Bell County Youth Fair and Rodeo

Aaron Pass of Dallas rides a bull to the buzzer Wednesday morning during the Bell County Youth Fair and Rodeo.

BELTON — Jason Gibbs and Scott Spencer began their rodeo days as bull riders, but both soon found a new calling and a new love: bullfighting.

“My older brother was riding bulls, so I had to do what big brother was doing and I started riding bulls, too. And now I’m fighting them,” said Spencer, a 36-year-old from Athens who has been involved with the rodeo scene for 19 years. “I enjoy it a lot more. The bull riders come out here and they get on one bull . . . and I’ve got 20 of them to play with.”

For Gibbs, a 38-year-old from Daingerfield, he got into bullfighting by chance after not finding a lot of success as a bull rider.

“I started out riding bulls and I did that probably three years and I wasn’t any good at it,” said Gibbs, who has been in rodeos for 15 years. “I got a chance to go to the practice pen with some friends and they needed a bullfighter and I got out there and did it and just fell in love with it.”

Gibbs’ passion has taken him to rodeos all over the country and this week he and Spencer will be working the Bell County PRCA Rodeo, which has nightly performances today, Friday and Saturday at Bell County Expo Center.

“When my season gets rolling, and it’s kicking off right now, I’ll stay pretty busy,” Gibbs said. “I get to travel around, see some neat places. The friends that you make and the neat places that you get to see, it’s just a blessing to be able to live your dreams. Any time you can go do what you love, then it’s not work, it’s fun and you’re doing pretty good.”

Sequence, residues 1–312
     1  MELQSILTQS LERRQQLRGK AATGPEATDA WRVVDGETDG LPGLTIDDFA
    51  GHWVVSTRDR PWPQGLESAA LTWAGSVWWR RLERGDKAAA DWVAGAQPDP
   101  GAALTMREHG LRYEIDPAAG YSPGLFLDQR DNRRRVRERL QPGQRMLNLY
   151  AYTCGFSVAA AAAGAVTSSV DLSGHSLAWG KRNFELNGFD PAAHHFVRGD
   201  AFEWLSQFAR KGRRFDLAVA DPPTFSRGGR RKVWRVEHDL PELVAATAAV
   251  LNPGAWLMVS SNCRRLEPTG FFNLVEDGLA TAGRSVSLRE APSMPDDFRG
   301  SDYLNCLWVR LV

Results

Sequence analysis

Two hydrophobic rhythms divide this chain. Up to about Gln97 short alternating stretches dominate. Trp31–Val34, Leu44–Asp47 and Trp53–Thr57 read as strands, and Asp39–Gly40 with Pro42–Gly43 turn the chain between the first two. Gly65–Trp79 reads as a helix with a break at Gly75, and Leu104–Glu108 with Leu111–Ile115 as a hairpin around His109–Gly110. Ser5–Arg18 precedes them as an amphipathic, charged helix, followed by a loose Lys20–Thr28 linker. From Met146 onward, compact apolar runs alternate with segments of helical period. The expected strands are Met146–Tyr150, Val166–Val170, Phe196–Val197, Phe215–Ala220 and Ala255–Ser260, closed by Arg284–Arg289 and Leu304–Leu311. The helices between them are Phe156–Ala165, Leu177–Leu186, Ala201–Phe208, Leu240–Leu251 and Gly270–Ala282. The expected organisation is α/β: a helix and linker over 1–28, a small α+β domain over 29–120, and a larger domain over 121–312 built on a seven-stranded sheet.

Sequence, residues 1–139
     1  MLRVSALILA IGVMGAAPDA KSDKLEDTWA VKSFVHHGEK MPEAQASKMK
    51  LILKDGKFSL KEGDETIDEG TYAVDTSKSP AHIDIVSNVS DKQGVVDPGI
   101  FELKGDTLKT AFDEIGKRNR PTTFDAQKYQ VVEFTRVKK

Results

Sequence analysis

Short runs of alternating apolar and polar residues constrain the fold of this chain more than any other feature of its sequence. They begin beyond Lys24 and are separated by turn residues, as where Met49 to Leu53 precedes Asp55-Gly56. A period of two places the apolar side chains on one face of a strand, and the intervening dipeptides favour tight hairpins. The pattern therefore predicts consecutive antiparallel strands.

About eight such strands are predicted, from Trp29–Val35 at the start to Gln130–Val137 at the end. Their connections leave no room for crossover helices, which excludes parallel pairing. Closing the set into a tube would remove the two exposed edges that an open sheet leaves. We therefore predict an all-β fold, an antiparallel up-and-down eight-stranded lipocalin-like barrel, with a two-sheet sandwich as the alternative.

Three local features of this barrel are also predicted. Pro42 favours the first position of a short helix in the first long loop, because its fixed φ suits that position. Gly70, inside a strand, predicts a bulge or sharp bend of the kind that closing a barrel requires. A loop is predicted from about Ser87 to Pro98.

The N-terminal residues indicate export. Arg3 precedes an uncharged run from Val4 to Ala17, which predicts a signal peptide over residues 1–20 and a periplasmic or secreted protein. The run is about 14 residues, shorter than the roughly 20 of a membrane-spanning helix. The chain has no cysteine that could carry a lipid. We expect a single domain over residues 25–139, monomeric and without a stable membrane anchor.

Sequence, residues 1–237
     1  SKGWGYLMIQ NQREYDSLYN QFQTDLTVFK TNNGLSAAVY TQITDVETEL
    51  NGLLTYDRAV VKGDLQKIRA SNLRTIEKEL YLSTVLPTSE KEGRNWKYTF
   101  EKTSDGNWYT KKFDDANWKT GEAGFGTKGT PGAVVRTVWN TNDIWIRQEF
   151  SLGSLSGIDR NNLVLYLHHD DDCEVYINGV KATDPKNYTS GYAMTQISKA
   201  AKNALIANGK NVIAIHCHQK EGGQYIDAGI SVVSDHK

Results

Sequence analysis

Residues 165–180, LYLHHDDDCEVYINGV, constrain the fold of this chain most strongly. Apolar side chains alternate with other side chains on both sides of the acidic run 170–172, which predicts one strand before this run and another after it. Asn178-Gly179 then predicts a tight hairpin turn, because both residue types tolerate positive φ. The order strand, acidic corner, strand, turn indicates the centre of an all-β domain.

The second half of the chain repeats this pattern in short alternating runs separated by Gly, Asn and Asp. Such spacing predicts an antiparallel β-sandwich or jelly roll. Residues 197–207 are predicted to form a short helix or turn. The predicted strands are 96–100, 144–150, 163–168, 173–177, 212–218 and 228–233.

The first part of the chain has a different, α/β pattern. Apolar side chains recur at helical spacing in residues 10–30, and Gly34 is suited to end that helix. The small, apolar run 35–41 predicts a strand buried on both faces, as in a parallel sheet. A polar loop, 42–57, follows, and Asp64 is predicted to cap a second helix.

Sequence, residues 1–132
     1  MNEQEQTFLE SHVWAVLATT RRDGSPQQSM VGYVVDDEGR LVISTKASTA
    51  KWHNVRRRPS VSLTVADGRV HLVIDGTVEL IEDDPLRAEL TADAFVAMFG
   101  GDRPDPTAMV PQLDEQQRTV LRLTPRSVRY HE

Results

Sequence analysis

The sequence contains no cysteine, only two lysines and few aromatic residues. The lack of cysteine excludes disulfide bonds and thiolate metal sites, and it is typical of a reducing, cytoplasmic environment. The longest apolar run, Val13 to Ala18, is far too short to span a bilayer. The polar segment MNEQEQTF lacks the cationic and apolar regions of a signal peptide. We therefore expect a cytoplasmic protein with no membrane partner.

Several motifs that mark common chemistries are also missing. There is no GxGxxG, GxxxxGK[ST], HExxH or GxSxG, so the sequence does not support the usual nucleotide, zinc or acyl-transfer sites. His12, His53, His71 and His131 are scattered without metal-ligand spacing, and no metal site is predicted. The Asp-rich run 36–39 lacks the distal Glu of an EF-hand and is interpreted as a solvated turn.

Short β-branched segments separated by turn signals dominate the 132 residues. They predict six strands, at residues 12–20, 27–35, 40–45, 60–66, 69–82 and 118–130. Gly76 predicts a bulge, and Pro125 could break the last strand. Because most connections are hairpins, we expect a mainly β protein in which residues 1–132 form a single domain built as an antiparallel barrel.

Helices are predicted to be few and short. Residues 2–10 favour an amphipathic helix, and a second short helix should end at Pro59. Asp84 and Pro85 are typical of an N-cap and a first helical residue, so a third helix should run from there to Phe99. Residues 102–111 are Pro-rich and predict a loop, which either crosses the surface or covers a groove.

It’s the bullfighters’ job to protect the riders who get bucked off, getting the bull’s attention by any means necessary so the cowboy can exit the arena safely.

It’s a job Gibbs and Spencer take very seriously.

“We’re their bodyguards,” Gibbs said. “We’re the guys who protect them.”

While bullfighters do their best to prevent injury to the bull riders and to themselves, it is a dangerous sport. They’re dealing with animals that can weigh close to a 1,000 pounds and injuries do happen.

“There’s always injuries,” Spencer said. “That’s part of it. You’re going to get hurt. I’ve dislocated my hip, dislocated my shoulder, broken bones, stitches. We try not to think about it because we know it’s going to happen sooner or later. We just have to go out and do our job and not worry about injury.”

However Gibbs tries to focus on the positive.

“The saves and being able to help those cowboys get out of the arena safe so they don’t have to go to the hospital when it’s over with, that’s the fun of it,” he said. “I broke my jaw and had to have plates put in it. I’ve broken some ribs, and just things like that.

“Sometimes when it does go bad and a cowboy gets in a bad spot, it’s our job to try to prevent that to the best of our ability. That kind of stuff makes me want to strive to do a lot better and push myself harder.”

Both bullfighters plan to continue doing the job that they love for as long as they are able.

“I feel very blessed to do what I love doing,” Gibbs said. “As long as the good Lord keeps me healthy and keeps me going down that road, I’m going to have fun and try to be the best example I can be to whoever’s watching.”

“I’m going to keep doing it until it’s not fun anymore,” Spencer said, “or if I’m in the way out there. I still feel like I’m doing my job. If it gets to a point where I feel I’m not doing my job, I’ll quit.”

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